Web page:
Okay, so a single coverture fraction works fine if there are no promotions, and DC/NDAA 2017 retain this featuer because the 2nd fraction will be 1.0 or 100%.

However, if promotion happens outside the marriage, inequity happens with the old formula. For example, if the disposable retirement check at higher rank was $5000 in 2016 dollars, and everything else stays the same, the old formula would calculate a marital asset of $5000 * (4700/5500), or $4272.72 in 2016 dollars.  This is a 51.6% inequitable windfall to the ex-spouse even though they had nothing to do with the promotion and contributed nothing after the divorce!

Now, see that the new NDAA law restores the marital asset to what it should be.  Since DFAS will be responsible for implementing the new definition of DRP, you can use the same time-base coverture fraction formula as shown above.

DRP_new = $5000 * ($3298 / $5000) => $3298  (DFAS does this)

marital asset = $3298 *(4700 / 5000) => $2818.29   (Division order does this)

Notice the new law makes the DRP at the time of retirement become what the DRP was back at the time of divorce.  In other words, the litmus test is satisfied that the marital retirement asset must be defined so that whatever either party does after the divorce cannot make it go up or down.

For division orders formalized after 23 Dec 2016, you'll use the new definition of DRP (implicitly including one fraction) and have only the 2nd time coverture fraction explicitly named.  If you want to mimic the result while using the old definition of DRP (division orders formalized 23 Dec 2016 and before - or orders that DFAS will not calculate or pay), just spell out the second coverture fraction in the division order:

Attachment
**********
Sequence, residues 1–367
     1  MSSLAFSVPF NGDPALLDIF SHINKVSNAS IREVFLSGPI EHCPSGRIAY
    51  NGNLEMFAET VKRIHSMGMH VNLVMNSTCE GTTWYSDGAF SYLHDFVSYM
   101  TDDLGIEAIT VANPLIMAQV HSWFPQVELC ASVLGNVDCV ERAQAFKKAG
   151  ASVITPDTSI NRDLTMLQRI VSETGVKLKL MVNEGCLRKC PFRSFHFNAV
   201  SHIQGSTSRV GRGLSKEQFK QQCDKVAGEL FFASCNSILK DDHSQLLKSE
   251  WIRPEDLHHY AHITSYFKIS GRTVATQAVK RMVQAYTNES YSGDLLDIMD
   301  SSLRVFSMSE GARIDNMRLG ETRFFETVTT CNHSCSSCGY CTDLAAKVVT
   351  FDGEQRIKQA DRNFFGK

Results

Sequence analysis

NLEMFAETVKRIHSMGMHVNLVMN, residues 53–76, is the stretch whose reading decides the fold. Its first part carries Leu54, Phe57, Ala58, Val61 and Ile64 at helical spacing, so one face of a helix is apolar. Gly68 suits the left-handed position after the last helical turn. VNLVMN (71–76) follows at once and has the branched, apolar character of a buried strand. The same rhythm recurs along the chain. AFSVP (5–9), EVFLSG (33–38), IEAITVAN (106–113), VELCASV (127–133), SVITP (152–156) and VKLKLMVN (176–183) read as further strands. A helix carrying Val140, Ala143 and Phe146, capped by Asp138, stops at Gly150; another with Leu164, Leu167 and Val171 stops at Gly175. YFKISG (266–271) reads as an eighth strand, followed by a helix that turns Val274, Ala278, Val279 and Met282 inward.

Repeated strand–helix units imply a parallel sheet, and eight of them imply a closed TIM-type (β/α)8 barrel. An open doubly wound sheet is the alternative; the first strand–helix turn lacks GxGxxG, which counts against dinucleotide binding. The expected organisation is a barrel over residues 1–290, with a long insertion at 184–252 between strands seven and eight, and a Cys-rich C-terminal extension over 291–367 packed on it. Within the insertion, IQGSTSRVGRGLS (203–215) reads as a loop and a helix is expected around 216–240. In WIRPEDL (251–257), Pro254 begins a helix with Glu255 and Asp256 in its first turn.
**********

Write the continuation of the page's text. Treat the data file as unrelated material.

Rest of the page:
marital asset = $5000 * (4700 / 5000) * ($3298 / $5000) => $2818.29

Notice the marital asset is exactly and precisely preserved, down to the penny.  These results are all in 2016 dollars, and the marital asset goes up proportional to military pay charts each year, and both parties benefit from this same COLA bump-up.

If the text numbers are confusing to you and you'd rather see examples presented with visual diagrams, please see the NDAA white paper showing how the NDAA amendment (Dual Coverture method) affects the two spouses.

Correcting Bad Counsel on the Street - Falicy of "Based On" and others

Some people say the promotion enhancement (move from $3298 to $5000 is “based on” early marital work and therefore it IS a marital asset even though it occurs from active effort outside the marriage.  Do not confuse passive enhancements such as interest in a bank account that cannot be dispersed yet.  Here we are talking about competitive, effort-based earning activity that was done by only one party after the divorce - plus the fact that the benefit doesn't fully vest for 3 years after a promotion.  The phrase “based on” is used by some to tap an intentionally undefined phrase that is confusing and manipulates court understanding one way or the other.  In this context “calculated from” is much more precise and legally meaningful. In other contexts, try using "earned during" or "accrued during" -- which is probably what the divorce order says.
Much more is written critiquing the phrase “based on” in other papers in the sister web page.  For now, look at the divorce decree award language and realize that the standard threshold for a marital asset includes the phrase “earned during” or “accrued during”, not “based on”.  Two quick case studies: if after divorce an ex-spouse writes a book “based on” the military marriage, are proceeds divided?  No.  If a military pilot gets a commercial flight job after divorce “based on” their military training and flight hours, is the civilian retirement divided?  No.

The other way I’ve seen the inequitable 51.6% windfall perverted is citing a legal precedence awarding passively earned interest after divorce as a marital asset, as using this as an argument to divide actively earned enhancements. Not the same! In Michigan, the 2009 Skelly Appellate court clarified that even an asset already received during marriage is not a marital asset if additional post-divorce work is required to keep it.  By the way, this portends that Michigan case law may be evolving toward no division of any military retirement which requires more duty to secure it.

In any case, by implementing the Dual Coverture method, Congress has decided the "base on" argument is false.

Four specific confusions endure from material published in an American Bar Association white paper signed in August 2016: